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ALS Worldwide
July 11, 2017

This New Study May Unlock The Door To ALS Treatment! Read More, It’s Brilliant.

"Researchers have shown a drug engineered to combat the gene causing spinocerebellar ataxia type 2 (SCA2) might also be used to treat ALS. Two studies were published in the journal Nature with funding from the National Institute of Neurological Disorders and Stroke (NINDS), part of the National Institutes of Health (NIH).'

Our results provide hope we may one day be able to treat these devastating disorders,' said Stefan M. Pulst, M.D., Medical Director at the University of Utah. In 1996, Dr. Pulst and others discovered mutations in the ataxin 2 gene cause spinocerebellar ataxia type 2, causing problems with balance, coordination, walking, and eye movement.

In the first study, Dr. Pulst's team found they could reduce problems associated with SCA2 by injecting mouse brains with a drug programmed to silence the ataxin 2 gene. They then demonstrated injections of the same type of drug prevented neurological problems associated with ALS and prolonged life.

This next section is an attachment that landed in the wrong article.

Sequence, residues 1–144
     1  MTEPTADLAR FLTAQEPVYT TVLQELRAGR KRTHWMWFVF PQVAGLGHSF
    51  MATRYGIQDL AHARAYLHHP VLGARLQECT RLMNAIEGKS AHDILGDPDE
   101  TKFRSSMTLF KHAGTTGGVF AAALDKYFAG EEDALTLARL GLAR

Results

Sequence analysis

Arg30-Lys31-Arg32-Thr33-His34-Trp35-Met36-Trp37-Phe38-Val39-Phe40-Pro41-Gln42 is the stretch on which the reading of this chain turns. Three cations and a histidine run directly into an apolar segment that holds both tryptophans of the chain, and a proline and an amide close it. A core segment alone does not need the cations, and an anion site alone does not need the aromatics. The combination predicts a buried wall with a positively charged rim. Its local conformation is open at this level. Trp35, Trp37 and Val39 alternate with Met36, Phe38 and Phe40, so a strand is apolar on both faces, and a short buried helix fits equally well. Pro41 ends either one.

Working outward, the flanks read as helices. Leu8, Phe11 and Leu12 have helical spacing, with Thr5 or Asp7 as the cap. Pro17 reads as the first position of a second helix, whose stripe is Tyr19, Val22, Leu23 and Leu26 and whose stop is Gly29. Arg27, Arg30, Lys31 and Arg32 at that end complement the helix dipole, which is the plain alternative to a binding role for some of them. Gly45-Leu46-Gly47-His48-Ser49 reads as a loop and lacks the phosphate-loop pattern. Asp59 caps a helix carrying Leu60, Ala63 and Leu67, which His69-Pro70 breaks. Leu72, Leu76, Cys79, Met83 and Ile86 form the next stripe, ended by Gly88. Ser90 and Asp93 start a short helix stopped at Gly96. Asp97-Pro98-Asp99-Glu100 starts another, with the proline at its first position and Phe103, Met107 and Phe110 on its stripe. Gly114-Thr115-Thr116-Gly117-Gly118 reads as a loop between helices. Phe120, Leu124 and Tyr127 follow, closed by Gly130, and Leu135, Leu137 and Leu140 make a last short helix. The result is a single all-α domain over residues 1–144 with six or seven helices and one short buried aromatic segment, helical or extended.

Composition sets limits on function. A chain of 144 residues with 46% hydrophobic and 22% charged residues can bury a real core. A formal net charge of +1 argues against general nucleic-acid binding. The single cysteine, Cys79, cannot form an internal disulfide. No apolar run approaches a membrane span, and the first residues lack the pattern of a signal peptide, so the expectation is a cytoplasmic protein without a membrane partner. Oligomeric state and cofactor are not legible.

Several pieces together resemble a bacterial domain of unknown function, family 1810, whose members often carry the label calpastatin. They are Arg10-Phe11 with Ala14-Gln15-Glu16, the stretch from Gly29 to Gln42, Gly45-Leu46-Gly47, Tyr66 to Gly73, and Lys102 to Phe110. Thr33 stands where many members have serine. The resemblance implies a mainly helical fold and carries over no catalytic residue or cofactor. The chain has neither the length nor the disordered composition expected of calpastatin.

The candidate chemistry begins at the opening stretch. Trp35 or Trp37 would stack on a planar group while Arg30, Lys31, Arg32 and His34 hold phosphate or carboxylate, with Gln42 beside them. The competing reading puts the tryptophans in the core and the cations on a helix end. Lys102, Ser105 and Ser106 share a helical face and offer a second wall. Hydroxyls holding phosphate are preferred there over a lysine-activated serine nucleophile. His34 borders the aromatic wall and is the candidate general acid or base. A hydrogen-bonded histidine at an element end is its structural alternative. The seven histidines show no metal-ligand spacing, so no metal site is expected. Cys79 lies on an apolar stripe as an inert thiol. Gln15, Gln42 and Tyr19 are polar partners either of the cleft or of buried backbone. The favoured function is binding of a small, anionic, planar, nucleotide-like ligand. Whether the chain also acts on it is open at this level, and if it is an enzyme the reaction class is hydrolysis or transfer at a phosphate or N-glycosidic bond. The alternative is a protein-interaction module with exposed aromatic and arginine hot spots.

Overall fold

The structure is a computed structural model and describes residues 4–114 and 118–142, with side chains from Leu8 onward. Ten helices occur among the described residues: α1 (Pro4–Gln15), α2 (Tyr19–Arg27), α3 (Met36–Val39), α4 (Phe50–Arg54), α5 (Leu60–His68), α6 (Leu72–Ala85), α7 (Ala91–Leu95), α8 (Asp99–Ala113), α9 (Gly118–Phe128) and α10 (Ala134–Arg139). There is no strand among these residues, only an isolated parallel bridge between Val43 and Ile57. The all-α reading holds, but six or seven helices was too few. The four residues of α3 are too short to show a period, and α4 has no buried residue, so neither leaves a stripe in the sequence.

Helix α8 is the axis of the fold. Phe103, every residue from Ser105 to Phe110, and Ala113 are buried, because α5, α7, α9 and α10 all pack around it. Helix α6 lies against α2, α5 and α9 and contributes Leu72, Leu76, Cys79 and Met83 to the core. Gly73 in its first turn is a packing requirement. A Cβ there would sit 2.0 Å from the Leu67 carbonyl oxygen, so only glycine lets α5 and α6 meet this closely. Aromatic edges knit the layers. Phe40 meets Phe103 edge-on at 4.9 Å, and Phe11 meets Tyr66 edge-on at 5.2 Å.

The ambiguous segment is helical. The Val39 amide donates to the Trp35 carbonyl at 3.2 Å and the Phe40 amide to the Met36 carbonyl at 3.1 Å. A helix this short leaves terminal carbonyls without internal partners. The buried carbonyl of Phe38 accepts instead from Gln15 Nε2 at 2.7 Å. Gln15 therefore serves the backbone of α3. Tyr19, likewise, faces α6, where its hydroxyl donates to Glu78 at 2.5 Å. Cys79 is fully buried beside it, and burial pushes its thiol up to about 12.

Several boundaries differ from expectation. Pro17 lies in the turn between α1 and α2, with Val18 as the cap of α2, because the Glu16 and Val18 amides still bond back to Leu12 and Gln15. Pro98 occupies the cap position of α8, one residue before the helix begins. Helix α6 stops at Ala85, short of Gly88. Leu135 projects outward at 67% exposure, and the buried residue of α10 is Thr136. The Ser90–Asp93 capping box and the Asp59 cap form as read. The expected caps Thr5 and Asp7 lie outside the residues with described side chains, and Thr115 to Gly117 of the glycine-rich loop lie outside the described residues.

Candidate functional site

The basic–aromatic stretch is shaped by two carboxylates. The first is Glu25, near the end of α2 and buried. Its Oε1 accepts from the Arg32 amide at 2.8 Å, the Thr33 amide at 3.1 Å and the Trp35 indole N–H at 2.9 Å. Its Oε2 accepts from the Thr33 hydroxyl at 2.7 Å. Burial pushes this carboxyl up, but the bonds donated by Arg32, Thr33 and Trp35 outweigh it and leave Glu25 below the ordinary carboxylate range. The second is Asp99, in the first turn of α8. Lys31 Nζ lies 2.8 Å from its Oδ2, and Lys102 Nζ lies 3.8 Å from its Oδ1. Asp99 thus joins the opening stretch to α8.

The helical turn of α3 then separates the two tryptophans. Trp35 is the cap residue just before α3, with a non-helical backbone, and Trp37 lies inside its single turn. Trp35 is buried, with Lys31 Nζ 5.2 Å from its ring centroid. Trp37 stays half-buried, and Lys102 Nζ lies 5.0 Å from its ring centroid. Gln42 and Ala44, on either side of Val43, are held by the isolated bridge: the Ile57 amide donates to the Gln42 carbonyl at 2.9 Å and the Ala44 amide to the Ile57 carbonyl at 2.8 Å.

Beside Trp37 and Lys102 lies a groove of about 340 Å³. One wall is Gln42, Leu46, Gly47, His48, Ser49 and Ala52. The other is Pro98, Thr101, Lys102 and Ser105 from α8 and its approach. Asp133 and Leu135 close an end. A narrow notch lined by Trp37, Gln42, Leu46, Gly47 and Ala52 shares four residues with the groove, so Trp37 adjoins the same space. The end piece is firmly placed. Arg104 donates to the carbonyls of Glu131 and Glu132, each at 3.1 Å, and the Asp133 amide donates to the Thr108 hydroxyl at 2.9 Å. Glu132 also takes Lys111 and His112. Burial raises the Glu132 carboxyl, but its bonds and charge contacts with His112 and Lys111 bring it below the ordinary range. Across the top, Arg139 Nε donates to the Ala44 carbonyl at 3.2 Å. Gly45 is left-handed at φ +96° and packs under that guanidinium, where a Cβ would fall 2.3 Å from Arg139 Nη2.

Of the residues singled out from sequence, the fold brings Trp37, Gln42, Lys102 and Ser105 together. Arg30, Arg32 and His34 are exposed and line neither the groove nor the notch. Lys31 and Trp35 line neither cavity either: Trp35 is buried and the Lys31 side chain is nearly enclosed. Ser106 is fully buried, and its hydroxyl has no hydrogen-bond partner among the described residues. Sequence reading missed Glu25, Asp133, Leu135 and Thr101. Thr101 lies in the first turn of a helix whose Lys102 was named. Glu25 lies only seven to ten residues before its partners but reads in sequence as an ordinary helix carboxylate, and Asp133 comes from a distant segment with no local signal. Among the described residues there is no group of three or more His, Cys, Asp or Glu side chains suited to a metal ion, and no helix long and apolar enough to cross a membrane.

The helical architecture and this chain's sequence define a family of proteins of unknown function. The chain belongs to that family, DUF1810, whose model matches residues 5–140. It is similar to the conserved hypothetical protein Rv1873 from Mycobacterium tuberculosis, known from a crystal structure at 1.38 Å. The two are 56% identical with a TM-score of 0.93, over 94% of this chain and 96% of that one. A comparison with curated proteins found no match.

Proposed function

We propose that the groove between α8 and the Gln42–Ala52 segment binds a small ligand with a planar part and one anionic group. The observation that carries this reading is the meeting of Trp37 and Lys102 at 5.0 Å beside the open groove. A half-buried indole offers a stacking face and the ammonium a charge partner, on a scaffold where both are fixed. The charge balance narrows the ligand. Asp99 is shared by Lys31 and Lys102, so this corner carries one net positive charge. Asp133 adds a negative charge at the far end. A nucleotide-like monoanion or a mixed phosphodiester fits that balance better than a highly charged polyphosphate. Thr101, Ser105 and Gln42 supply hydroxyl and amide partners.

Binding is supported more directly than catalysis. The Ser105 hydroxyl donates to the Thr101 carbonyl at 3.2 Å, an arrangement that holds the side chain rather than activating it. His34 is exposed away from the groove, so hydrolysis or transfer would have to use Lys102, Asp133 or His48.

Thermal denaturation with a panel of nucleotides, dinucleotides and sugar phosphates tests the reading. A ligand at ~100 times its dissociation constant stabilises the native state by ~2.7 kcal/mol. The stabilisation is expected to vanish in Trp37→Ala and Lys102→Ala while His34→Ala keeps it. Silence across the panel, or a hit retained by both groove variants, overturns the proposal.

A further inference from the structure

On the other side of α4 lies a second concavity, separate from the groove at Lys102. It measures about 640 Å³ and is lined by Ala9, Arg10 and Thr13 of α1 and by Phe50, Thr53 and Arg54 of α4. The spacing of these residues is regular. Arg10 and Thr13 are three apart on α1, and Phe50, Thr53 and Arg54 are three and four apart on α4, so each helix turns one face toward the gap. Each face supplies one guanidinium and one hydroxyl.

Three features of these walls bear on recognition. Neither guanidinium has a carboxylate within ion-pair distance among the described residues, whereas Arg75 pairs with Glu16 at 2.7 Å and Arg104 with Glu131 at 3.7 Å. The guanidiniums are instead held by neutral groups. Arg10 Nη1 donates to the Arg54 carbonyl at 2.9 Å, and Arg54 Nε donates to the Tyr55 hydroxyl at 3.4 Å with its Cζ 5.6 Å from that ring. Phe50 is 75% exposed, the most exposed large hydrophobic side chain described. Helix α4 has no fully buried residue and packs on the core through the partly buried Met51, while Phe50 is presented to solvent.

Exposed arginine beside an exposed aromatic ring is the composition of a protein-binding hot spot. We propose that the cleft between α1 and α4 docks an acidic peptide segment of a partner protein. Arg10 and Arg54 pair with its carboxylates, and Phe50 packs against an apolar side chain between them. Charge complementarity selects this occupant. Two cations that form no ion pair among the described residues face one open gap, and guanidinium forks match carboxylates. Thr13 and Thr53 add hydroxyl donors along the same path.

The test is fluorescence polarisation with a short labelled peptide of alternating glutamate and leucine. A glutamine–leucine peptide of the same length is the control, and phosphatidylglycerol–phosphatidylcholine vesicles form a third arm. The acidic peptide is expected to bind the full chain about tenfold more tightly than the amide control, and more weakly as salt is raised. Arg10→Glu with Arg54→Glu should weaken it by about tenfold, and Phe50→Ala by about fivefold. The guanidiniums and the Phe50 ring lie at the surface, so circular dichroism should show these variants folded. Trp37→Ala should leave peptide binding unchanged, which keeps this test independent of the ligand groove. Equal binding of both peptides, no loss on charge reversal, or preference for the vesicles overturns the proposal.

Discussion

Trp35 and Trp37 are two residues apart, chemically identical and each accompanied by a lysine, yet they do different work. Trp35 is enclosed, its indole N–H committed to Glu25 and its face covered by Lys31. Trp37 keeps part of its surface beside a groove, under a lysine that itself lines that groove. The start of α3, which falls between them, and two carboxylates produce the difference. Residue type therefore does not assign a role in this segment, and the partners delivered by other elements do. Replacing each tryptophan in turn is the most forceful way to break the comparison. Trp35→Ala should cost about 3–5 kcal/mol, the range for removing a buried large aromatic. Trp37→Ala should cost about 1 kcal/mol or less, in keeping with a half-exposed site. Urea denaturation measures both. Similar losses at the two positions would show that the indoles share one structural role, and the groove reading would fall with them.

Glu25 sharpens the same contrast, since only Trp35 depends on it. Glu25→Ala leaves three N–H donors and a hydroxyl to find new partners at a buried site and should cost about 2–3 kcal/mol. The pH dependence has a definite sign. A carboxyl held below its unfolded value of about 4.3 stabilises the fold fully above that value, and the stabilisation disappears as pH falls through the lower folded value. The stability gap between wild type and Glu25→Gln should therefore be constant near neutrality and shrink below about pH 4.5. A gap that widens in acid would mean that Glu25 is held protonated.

'The ataxin 2 gene may unlock treatments for ALS and other neurological disorders,' said Aaron Gitler, Ph.D., Associate Professor at Stanford University and senior author of the second study. In 2010, Dr. Gitler and colleagues discovered a link between ataxin 2 mutations and ALS.

The type of drug used acts like an incomplete row of teeth on a zipper; these drugs are short sequences of DNA designed to bind to a portion of a gene’s instructions carried by a molecule. This stops cells from manufacturing proteins, a process known as gene silencing. Researchers are conducting early phase clinical trials on the safety and effectiveness of gene silencing drugs to treat several neurological disorders including ALS.

Drs. Pulst and Gitler agreed that more research needs to be done before these types of drugs can be tested in patients. Both labs are currently taking next steps by conducting further preclinical experiments." Read this full news release as published by the National Institutes of Health 

There are now as many as 100 genetic permutations known to affect ALS/MND and related diseases. Mutations in genes are involved in both familial and sporadic ALS/MND. They play a role in the functioning of neurons, or are involved in regulating the production of various proteins. Please know research in genetics is just beginning to expand.